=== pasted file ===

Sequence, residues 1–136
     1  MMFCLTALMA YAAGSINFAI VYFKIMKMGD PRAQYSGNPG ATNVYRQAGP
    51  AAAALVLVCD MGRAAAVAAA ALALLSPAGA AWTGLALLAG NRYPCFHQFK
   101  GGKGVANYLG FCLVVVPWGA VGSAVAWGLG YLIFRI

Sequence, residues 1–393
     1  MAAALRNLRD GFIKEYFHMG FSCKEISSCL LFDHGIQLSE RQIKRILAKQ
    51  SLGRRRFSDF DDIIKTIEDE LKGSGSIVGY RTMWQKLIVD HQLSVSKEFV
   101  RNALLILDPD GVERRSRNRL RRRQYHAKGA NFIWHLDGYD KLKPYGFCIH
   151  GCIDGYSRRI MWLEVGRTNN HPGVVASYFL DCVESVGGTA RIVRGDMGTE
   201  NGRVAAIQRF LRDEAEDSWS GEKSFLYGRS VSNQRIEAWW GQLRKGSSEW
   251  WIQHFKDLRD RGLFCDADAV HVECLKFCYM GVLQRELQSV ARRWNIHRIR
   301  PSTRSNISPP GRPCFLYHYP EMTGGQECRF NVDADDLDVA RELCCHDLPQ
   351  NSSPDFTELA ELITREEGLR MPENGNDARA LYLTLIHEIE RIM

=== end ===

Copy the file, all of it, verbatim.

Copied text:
Sequence, residues 1–136
     1  MMFCLTALMA YAAGSINFAI VYFKIMKMGD PRAQYSGNPG ATNVYRQAGP
    51  AAAALVLVCD MGRAAAVAAA ALALLSPAGA AWTGLALLAG NRYPCFHQFK
   101  GGKGVANYLG FCLVVVPWGA VGSAVAWGLG YLIFRI

Sequence, residues 1–393
     1  MAAALRNLRD GFIKEYFHMG FSCKEISSCL LFDHGIQLSE RQIKRILAKQ
    51  SLGRRRFSDF DDIIKTIEDE LKGSGSIVGY RTMWQKLIVD HQLSVSKEFV
   101  RNALLILDPD GVERRSRNRL RRRQYHAKGA NFIWHLDGYD KLKPYGFCIH
   151  GCIDGYSRRI MWLEVGRTNN HPGVVASYFL DCVESVGGTA RIVRGDMGTE
   201  NGRVAAIQRF LRDEAEDSWS GEKSFLYGRS VSNQRIEAWW GQLRKGSSEW
   251  WIQHFKDLRD RGLFCDADAV HVECLKFCYM GVLQRELQSV ARRWNIHRIR
   301  PSTRSNISPP GRPCFLYHYP EMTGGQECRF NVDADDLDVA RELCCHDLPQ
   351  NSSPDFTELA ELITREEGLR MPENGNDARA LYLTLIHEIE RIM